There won't be any major League of Legends action at PAX Australia this year, since Riot and the community is a little focused on the group stages of the world championships. But when those wrap up at the end of the month, LoL's collective attention will refocus to Melbourne's Margaret Court Arena for the International Wild Card All-Stars tournament.
For the uninitiated, it's a tournament featuring players from all over the world, drafted into region-specific teams by fans through polls. Australia's team got announced today and, as it turns out, League of Legends in this country is just like cricket.
It's a remark on the selection process. Our national team — which is actually Oceania's team, although Australia dominates the region by some considerable distance and South East Asia have a team of their own — is heavily dominated by Sydneysiders, with NSW taking up 4 of the 6 slots on the roster.
It's not just the level of representation, but the spots played as well, with the NSW players filling up the Top Lane, Mid Lane, AD Carry and one of the support roles. With the Australian team's jungler being filled by a Victorian, that means the majority of screen time featuring the national LoL squad will be entirely focused on players from the East Coast.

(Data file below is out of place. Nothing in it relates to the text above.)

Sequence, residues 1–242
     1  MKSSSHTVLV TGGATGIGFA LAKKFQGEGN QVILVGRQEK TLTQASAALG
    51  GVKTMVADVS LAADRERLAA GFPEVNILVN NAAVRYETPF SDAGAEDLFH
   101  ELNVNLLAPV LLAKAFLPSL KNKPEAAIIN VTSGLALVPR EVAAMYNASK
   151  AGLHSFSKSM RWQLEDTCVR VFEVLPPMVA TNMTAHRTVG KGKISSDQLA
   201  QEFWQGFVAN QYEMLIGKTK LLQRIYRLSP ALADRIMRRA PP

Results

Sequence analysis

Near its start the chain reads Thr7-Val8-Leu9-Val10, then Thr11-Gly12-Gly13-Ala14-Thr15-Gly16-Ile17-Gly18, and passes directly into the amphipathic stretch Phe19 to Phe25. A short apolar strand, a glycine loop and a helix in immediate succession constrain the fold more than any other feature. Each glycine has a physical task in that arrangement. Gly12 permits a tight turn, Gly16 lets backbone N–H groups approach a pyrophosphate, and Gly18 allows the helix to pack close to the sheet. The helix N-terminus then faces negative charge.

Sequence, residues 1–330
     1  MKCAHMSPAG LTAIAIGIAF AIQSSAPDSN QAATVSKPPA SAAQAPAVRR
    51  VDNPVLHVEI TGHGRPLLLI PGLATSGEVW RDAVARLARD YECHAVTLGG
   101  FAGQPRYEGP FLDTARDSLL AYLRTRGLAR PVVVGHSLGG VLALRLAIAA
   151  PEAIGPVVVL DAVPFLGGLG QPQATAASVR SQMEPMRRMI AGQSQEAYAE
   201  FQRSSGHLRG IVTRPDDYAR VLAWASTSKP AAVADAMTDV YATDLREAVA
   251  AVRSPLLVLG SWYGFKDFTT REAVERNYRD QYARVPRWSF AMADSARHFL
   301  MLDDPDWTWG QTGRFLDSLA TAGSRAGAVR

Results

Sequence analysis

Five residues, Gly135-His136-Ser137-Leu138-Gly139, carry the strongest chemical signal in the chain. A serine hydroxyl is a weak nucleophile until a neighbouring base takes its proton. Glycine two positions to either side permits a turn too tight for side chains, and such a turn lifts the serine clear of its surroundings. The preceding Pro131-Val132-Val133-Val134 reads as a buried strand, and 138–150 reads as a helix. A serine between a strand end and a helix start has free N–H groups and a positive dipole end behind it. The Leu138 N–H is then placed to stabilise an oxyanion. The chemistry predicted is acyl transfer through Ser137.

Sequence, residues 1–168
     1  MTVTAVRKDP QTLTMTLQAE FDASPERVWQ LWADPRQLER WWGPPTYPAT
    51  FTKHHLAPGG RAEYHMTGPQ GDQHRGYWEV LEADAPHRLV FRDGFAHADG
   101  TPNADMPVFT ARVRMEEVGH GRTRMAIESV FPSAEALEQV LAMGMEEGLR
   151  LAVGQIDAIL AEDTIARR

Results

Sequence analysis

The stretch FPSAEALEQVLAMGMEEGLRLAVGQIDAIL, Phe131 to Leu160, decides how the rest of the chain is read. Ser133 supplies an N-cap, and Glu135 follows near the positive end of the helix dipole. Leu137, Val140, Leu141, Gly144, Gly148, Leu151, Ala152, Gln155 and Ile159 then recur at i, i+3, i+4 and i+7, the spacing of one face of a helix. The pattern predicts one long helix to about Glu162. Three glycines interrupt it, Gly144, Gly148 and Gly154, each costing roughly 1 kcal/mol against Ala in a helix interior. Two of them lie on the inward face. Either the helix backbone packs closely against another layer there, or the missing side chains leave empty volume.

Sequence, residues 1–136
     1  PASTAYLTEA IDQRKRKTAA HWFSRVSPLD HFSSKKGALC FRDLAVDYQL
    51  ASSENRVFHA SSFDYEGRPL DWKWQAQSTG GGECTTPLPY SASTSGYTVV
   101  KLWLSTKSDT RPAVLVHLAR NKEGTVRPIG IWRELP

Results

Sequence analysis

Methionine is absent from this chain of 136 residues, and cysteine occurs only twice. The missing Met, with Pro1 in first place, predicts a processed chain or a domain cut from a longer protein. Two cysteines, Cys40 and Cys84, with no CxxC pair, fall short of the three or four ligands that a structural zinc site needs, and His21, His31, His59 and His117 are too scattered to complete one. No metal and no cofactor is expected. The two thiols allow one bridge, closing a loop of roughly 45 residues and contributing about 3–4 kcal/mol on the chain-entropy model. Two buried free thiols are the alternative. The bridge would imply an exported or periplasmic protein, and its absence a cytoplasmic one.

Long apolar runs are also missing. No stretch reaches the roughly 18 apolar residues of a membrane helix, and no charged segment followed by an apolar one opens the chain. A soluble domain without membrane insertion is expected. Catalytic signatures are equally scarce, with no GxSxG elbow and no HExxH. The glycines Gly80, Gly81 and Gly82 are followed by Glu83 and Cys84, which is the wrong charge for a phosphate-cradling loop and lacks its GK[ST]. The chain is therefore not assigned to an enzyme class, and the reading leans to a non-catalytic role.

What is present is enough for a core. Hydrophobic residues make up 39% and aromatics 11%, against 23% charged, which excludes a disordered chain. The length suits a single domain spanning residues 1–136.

If you think back to the last few decades of Australian cricket, it's pretty similar. The captaincy for Australia's Test and one day squads has largely been held by someone from the Blues. Outside of Ricky Ponting, Mark Taylor, Steve Waugh, Michael Clarke, Steve Smith, Allan Border, and (unfortunately) Shane Watson have all lead their country in the Test arena.
Ponting's era of captaincy in ODI's has been longer than Clarke and Steve Waugh combined, although the national team at that time has also been stacked with a high degree of New South Welshman (the Waugh brothers, McGrath, Nathan Bracken, Brad Haddin as a reserve keeper until he took over from Adam Gilchrist, Clarke, Watson, MacGill for a short period and Brett Lee coming to mind).
The selection wasn't a great surprise though, with 4 of the 6 players from Chiefs (the reigning OCE champions) and Legacy (the reigning runners-up) being selected. Derek 'Raydere' Trang has represented Australia in just about every international wild card tournament that we've sent a team over for, so he was an automatic pick. Even Riot predicted Trang had a 55% chance of getting picked amongst all other players in his position.
But even if you go down the list of the likely 3rd and 4th picks for each of the positions, the ratio of NSW to Everyone Else is pretty high. That's the phase Australian eSports is in for the moment: it's all the east coast, and in League of Legends, it's Sydney all the way. (You'd hope the team puts their front foot forward in a more convincing manner than Sir Watson above, though.)